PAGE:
Feeling pretty guilty today. I missed my post yesterday. It was my first weekday miss in more than two years. No. I’m not following in the footsteps of Brian Connolly. I’ve just been sidetracked by activities that actually pay the bills (not that blogging doesn’t have its benefits).
As for Brian Connolly, I have mixed feelings about his calling it quits. In fact I kind of feel partially responsible for his arrival, though I never condoned the venomous vitriol that the pseudonymous Amanda aimed at some of our industry’s name players (and wannabes).
I never understood the roots or motivation of his clever, headline-making sniping. Was it the allure of blogebrity? Perhaps it was some deep-seated disdain for the agency business. Keep in mind he was an agency casualty from the dot-com downturn who never re-gained the glory. Maybe he’s just one of the myriad PR contrarians, but with a decent command of the English language and the digital wherewithal to gain share of voice.
As for my role in the sordid arrival of the lascivious Amanda, I did get a call from Mr. Connolly several weeks before she first burst on the scene at the end of March 2006. He was referrred by a mutual acquaintence and came armed with many questions about my blog. I liked him. We talked about the then burgeoning blogosphere and the general state of the PR biz. I can’t remember, but I may even have referred him to a digital PR job opening at one large, Atlanta-based beverage company.
Two weeks later, the infamous e-mail arrived from “Amanda,” linking to her new blog called Strumpette. I found it well-written, but decidedly distasteful. Too much snark, too much baiting for my taste. Only one person I knew could give it its just due. I sent the mysterious email to my new blogging buddy Scott Baradell of Media Orchard, who in turn gave Amanda a big Texas welcome. Amanda had now arrived on the PR map — for better and worse.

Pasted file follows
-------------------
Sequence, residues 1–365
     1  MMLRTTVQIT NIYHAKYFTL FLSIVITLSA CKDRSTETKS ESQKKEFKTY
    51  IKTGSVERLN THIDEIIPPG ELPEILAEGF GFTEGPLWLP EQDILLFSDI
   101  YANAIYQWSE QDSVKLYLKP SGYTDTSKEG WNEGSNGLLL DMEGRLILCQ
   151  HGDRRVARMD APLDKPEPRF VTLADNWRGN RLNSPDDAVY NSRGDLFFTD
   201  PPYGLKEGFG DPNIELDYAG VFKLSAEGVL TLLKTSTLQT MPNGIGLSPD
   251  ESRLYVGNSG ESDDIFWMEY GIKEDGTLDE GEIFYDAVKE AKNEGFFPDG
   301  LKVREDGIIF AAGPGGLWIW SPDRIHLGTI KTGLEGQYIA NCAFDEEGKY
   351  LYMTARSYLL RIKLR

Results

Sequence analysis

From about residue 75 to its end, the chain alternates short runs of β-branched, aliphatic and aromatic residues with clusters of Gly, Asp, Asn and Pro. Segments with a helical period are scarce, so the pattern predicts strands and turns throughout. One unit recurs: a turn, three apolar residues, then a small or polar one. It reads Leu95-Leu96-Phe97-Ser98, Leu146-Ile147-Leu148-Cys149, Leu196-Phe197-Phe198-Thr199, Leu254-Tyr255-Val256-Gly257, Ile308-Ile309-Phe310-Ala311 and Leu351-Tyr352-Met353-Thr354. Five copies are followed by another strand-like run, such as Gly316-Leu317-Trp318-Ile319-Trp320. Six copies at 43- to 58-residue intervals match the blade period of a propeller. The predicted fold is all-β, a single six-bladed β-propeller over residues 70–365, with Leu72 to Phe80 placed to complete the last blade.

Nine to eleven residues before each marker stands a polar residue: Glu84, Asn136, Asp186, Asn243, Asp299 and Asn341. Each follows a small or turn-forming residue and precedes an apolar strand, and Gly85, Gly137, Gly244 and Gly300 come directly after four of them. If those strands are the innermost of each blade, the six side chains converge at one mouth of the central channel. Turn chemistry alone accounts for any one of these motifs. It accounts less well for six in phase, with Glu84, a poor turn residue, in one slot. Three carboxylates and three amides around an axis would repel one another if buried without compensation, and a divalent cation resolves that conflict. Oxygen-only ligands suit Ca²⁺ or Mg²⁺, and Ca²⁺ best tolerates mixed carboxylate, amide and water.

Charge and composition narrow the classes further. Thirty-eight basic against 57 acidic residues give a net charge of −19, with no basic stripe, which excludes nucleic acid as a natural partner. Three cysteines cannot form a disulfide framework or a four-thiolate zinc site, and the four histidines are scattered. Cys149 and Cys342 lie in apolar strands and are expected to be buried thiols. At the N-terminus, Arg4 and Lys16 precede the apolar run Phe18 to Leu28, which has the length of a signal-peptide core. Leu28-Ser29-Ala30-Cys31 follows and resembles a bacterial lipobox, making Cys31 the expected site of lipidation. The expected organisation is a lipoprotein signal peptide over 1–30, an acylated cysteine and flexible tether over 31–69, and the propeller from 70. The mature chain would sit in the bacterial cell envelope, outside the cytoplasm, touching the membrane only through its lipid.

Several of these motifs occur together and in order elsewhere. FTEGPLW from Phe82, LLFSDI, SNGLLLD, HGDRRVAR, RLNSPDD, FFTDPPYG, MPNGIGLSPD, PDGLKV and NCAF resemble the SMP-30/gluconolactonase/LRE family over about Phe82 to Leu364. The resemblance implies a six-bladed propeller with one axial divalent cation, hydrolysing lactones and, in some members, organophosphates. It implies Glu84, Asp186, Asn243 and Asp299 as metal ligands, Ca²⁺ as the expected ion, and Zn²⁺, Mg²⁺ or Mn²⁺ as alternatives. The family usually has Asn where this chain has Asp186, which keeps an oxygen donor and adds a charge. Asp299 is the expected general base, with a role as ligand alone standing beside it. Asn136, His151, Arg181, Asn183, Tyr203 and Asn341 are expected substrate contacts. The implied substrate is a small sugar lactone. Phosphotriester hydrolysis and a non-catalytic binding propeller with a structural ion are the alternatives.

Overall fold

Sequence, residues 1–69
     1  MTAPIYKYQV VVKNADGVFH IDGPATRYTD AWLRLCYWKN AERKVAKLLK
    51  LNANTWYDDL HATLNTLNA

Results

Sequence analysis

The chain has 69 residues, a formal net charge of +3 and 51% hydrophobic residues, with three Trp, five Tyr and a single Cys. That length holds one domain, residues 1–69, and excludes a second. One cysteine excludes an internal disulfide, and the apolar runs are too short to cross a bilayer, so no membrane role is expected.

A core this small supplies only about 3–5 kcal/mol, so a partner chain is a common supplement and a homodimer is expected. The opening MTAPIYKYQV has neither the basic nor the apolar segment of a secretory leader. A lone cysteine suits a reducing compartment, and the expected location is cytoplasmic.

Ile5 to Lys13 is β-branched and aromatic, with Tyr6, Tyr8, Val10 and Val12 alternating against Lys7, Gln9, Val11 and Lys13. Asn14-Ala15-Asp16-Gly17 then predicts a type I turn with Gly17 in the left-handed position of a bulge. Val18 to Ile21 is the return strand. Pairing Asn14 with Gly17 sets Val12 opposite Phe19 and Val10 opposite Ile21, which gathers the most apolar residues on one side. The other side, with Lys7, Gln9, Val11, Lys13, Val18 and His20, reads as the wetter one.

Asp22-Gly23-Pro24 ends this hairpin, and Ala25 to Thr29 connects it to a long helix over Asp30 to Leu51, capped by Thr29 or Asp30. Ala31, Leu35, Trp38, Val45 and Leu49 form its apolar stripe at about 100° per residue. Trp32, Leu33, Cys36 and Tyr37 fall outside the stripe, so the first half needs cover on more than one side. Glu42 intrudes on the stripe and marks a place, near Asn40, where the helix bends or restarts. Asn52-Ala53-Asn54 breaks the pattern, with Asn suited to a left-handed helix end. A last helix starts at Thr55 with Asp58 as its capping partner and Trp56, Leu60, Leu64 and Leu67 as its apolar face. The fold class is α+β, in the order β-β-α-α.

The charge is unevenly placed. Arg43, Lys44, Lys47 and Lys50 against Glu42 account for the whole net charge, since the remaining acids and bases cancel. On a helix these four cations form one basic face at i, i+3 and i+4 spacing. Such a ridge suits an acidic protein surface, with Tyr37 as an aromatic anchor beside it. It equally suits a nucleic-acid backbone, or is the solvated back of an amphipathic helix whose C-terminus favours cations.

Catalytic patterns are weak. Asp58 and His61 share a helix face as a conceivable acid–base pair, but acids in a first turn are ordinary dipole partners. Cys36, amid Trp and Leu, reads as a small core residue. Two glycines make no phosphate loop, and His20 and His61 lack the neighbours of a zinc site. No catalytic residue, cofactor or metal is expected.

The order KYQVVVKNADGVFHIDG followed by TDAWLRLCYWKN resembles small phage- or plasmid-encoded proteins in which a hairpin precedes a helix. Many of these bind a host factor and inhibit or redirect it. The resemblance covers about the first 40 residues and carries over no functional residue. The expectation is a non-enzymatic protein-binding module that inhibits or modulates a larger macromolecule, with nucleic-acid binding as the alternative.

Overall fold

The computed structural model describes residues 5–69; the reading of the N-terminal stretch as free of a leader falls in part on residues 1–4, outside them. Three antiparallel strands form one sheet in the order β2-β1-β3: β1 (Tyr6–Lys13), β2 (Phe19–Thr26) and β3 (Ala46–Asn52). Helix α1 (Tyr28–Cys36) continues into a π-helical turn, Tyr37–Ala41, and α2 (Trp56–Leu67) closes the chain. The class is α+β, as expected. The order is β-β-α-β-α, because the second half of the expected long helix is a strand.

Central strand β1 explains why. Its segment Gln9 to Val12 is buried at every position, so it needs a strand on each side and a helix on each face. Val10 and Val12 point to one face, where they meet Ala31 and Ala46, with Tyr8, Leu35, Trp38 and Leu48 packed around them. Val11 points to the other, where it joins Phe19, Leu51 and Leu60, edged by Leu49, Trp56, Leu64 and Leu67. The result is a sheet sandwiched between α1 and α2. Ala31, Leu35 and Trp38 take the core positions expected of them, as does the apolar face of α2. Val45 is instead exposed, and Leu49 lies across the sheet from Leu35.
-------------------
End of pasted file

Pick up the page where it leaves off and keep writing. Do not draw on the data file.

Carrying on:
As soon as “she” appeared, so did the controversy of who “she” really was. Within a few days, I received a call from Mr. Connolly to shoot the breeze. While he didn’t admit to being Amanda, he also implied that writing under a fictitious character is not such a bad thing. I adamantly disagreed, and said that that approach would not fly in the blogosphere. (Ultimately, he may have proved me wrong.) Nonetheless, I told him that if there’s no real Amanda, he better find somone of the female perusasion to be her. It’s simply too swarmy to have a middle-aged man posting as a licentious young woman.
The rest is history. Eventually, Amanda softened “her” hard-nosed rejection of all things social media, though, at her death, she/he was still a long way from embracing the changes in our business. This surprised me given Mr. Connolly’s grounding in technology PR.
In the end, I suspect Strumpette’s demise was more a function of ROI: too much time for too little return. No advertising revenue, and no benefit to the author’s day job, whatever that is. Fun, confounding, and unnerving while it lasted. It also raised some important issues, but perhaps for the wrong reasons.
What others have to say:
Mark Rose (Strumpette contributor)